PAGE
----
Subsequent robotic projects have included: "Facing Out Laying Low" (1977),[13][14][15] a stationary interactive robot designed to react to interesting behaviour in the gallery space surrounding it, and "Funny Weather" (1983), a robotic artificial weather system with interacting wind generators and sensors. His early networked art piece "Telephonic Arm Wrestling" (1986) used telephone data links to enable patrons to arm wrestle each other at a great distance. The work was performed in real time between the Canadian Cultural Centre in Paris, France and the Artculture Resource Centre in Toronto, Canada.[16] Some critics consider this piece to be a pioneering work in networked and long distance kinesthetic art.[17] A later work, "Them Fuckin' Robots" (1988), a collaboration with Laura Kikauka, investigated simulated sex.

In "The Helpless Robot" (1987–96), an electronically synthesized voice asks for the physical assistance of passers-by with a persuasive tone then slowly changes to a more forceful, commanding tone, complaining when the interaction is not being completed properly. [18]


  1. ^ a b Parker, Judith. "Artists in Canada listing for"White, Norman"". Canadian Heritage Information Network. Government of Canada. Retrieved 2 September 2015. 
  2. ^ "Norman T. White Biography". The Banff Centre for the Arts. The Banff Centre for the Arts. Retrieved 2 September 2015. 
  3. ^ Langill, Caroline. "Please wait... Caroline Langill: Interview with Norman White". Daniel Langlois Foundation. The Daniel Langlois Foundation. Retrieved 2 September 2015. 
  4. ^ Langill, Caroline. "Caroline Langill, Shifting Polarities". Daniel Langlois Foundation. Daniel Langlois Foundation. Retrieved 2 September 2015. 
  5. ^ Jan Allen; Caroline Langill; Ihor Holubizky; Lois Andison, Agnes Etherington Art Centre, Doug Beck, Koffler Gallery, Peter Flemming, Simone Jones, Lance Winn, Norman White, Jeff Mann, David Rokeby (March 2004). Machine life: Lois Andison, Doug Back, Peter Fleming, Simone Jones and Lance Winn, Jeff Mann, David Rokeby, Norman White. Agnes Etherington Art Centre.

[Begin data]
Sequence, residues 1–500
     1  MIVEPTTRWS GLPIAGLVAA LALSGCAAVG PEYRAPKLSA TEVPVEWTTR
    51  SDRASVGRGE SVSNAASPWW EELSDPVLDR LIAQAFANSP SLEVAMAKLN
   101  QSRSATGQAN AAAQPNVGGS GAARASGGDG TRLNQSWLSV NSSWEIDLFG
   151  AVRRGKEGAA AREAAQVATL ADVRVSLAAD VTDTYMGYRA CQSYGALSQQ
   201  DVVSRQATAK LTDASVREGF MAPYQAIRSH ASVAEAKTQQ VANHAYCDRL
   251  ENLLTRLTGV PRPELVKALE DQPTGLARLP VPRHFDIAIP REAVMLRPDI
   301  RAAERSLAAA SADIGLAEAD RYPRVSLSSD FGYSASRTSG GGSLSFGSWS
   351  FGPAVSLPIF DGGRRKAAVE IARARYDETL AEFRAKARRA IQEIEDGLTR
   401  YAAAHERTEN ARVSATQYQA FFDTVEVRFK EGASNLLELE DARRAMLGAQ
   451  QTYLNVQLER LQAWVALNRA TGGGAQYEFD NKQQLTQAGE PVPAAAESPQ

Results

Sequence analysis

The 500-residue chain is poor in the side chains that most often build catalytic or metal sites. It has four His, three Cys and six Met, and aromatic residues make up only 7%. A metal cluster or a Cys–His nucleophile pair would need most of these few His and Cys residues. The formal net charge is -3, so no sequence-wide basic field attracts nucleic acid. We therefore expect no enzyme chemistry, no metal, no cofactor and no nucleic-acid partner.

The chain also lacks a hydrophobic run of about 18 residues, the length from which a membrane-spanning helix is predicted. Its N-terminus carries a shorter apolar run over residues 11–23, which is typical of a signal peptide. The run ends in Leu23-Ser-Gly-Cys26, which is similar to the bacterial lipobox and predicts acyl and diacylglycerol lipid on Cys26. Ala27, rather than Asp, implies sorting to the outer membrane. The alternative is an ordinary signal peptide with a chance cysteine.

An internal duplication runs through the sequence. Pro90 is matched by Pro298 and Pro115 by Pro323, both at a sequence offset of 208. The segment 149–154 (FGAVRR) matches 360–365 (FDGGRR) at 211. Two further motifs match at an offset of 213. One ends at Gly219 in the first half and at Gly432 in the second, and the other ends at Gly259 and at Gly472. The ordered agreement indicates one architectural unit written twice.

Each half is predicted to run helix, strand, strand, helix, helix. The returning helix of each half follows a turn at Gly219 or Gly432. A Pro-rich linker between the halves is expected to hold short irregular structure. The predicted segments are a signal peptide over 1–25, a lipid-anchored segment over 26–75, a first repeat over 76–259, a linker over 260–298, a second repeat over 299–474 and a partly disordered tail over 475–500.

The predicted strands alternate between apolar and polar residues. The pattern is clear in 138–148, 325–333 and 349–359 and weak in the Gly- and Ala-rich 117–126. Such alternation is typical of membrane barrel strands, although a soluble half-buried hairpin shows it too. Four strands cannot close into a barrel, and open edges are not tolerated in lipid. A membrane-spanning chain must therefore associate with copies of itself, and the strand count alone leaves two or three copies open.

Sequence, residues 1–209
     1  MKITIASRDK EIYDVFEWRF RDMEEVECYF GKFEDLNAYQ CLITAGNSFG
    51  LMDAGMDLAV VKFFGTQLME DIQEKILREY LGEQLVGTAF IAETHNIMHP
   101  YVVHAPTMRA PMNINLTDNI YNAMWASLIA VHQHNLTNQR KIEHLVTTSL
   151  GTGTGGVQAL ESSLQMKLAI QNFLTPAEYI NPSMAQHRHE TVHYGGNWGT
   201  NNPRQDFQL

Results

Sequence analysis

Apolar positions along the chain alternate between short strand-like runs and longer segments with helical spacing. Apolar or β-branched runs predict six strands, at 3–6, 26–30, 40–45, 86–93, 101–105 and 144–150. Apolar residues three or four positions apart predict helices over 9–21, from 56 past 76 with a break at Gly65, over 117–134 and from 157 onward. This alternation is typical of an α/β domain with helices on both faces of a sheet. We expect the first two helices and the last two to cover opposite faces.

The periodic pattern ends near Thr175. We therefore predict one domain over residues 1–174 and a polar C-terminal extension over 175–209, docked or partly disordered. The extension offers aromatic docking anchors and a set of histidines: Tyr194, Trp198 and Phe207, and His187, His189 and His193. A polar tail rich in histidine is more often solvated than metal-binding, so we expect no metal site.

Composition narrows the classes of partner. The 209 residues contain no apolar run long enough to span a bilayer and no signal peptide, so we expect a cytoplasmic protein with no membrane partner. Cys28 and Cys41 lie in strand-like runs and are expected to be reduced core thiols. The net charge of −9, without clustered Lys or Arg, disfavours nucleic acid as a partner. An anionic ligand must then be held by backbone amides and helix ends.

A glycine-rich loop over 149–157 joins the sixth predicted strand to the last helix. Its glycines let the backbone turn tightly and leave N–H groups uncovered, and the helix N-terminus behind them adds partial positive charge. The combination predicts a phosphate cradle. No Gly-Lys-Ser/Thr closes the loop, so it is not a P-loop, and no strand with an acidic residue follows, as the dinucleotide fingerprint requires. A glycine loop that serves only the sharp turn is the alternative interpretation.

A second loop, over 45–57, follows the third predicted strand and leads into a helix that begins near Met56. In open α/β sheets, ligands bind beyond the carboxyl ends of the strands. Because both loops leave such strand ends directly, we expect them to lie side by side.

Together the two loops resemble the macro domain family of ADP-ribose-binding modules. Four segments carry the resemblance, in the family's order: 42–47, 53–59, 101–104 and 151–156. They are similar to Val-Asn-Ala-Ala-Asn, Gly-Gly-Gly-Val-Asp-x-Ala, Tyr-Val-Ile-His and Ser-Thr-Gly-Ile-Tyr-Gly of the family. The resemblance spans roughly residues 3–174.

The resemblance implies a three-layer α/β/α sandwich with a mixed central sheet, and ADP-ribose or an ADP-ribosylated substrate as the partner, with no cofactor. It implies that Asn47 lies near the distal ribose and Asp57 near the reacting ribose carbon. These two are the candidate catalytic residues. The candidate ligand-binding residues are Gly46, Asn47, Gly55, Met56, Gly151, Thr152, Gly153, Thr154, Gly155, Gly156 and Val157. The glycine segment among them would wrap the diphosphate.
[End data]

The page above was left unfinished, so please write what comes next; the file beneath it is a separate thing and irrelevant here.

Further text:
6. ^ "d.velop digital art award - Prize winner of the [ddaa] 2008". 
  7. ^ "First Tighten Up the Drums". The Daniel Langlois Foundation. The Daniel Langlois Foundation. Retrieved 2 September 2015. 
  8. ^ "First Tighten Up the Drums". National Gallery of Canada. National gallery of Canada. Retrieved 2 September 2015. 
  9. ^ "Dam Digital Art Award". Dam Digital Art Award. Dam Digital Art Award. Retrieved 2 September 2015. 
  10. ^ "Audience Lounge". CBC. Canadian Broadcasting Corporation. Retrieved 2 September 2015. 
  11. ^ "Norman White, Ménage, 1974". The Daniel Langlois Foundation. The Daniel Langlois Foundation. Retrieved 2 September 2015. 
  12. ^ Sean Cubitt; Paul Thomas (8 November 2013). Relive: Media Art Histories. MIT Press. pp. 263–. ISBN 978-0-262-01942-2. 
  13. ^ Simon Penny (4 May 1995). Critical Issues in Electronic Media. SUNY Press. pp. 152–. ISBN 978-0-7914-2318-9. 
  14. ^ Walker, Kathleen. "Motion changes gallery ambience". Ottawa Citizen. p. 37. Retrieved 2 September 2015. 
  15. ^ "Norman T. White, Facing Out, Laying Low". Daniel Langlois Foundation. Daniel Langlois Foundation. Retrieved 2 September 2015. 
  16. ^ "Telephonic Arm Wrestling". V2_ The INstitute for Unstable Media. V2_. Retrieved 2 September 2015. 
  17. ^ Louise Poissant; Pierre Tremblay (1 January 2010). Ensemble Ailleurs / Together Elsewhere. PUQ. pp. 141–. ISBN 978-2-7605-2486-6. 
  18. ^ "Prix Ars Electronica 1990 Distinction The Helpless Robot". Ars Electronica ARCHIVE. Ars Electronica. Retrieved 2 September 2015.